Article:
chinese military ability - Page 3

June 23rd, 2006  
eh, the Qing Empire?
June 29th, 2006  
Originally Posted by Ollie Garchy
The Chinese dynasties seemed to have a terrible time dealing with the many, many "barbarian" attacks. In this sense, China faced the same issue that ultimately brought Rome to it's knees. Most advanced ancient states had significant "barbarian" this not an indication that the larger empires could only expand to a particular point?
Well, on a very shallow analysis of Chinese history what you are saying here seems to make sense. The Chinese were certainly plagued by their warlike neighbors to the north. But conquest by those barbarian invaders was also the all-too-frequent decay and collapse of the Dynasty from within. Essentially, take the Roman Empire as a model, but have the Empire repeatedly recreate itself -- reborn each time just as powerful as ever. And then you get the idea of China's Dynasties. At their height of power, any given Dynasty had very little to fear from the north. They were more than capable of dealing with them. But after a few centuries of corruption and ease, it was like lighting a match to gasoline when the barbarians invaded.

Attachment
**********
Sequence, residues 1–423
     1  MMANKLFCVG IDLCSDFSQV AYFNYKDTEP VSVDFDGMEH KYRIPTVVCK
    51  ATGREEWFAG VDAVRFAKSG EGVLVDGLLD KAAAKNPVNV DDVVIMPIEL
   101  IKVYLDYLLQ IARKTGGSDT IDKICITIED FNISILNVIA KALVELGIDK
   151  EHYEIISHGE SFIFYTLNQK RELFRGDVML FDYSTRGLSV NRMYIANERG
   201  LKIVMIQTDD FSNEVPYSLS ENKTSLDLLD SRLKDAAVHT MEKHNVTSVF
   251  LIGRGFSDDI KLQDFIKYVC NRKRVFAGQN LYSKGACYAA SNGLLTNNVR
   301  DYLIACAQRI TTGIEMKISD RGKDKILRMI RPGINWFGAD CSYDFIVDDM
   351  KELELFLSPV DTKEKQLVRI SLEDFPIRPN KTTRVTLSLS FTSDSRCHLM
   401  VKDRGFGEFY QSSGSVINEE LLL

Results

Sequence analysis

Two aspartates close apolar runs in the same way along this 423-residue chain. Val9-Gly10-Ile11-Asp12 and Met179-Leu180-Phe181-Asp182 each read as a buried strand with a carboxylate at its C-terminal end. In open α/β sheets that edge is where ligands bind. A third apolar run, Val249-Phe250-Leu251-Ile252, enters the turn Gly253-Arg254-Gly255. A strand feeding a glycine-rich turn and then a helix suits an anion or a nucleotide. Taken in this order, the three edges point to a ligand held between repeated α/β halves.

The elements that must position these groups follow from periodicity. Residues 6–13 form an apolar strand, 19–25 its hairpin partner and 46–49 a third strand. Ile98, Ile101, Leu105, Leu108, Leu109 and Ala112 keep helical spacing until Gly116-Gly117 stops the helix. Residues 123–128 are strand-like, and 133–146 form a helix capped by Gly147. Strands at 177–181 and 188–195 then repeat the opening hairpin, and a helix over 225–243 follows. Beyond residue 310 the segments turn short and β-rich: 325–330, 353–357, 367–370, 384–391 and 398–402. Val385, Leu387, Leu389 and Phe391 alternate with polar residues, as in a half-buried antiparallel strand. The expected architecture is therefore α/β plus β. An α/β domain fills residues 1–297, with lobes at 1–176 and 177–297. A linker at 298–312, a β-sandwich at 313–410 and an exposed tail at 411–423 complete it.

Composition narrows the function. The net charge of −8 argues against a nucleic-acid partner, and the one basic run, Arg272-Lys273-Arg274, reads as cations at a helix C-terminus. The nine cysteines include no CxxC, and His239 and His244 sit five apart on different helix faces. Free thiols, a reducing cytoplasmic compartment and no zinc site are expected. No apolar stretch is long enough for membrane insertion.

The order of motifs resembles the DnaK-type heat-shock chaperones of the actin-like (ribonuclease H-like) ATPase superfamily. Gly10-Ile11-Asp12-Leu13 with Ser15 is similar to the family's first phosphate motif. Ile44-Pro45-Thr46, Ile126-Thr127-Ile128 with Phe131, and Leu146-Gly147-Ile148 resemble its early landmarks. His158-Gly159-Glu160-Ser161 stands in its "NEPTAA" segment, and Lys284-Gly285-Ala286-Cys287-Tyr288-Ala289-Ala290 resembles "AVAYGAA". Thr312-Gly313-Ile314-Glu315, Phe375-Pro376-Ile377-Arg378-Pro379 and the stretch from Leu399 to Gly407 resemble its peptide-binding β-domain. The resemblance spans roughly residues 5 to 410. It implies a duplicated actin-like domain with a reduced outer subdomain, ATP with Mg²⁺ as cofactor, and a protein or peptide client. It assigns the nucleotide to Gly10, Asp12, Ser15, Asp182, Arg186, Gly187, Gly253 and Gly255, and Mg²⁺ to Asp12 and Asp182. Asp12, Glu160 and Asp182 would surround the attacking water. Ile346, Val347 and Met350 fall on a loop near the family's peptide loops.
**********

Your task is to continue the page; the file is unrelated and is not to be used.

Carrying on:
It is at least significant to consider that Ghengis Khan, China's most noted barbarian conquerer, played two rival Chinese dynasties against one another: The old and dying Song and the Chin. Ghengis Khan allied with the Song in applying a north/south surround and conquer maneauver on the Chin (who were probably more powerful than the Song.) With the Chin out of the way, that left only a decaying Song Dynasty (with control of only about half of China) to go. Ogedai (Ghengis Khan's son and successor) took advantage of the Song's weakness and conquered them as well. It didn't hurt matters that the Song were weakened by the war with the Chin.

Similar Topics
Next US President
Report Warns of Chinese Military Machine
China plans to invade US!
Chinese military aircraft present situation
US amplifies non-existent Chinese military threat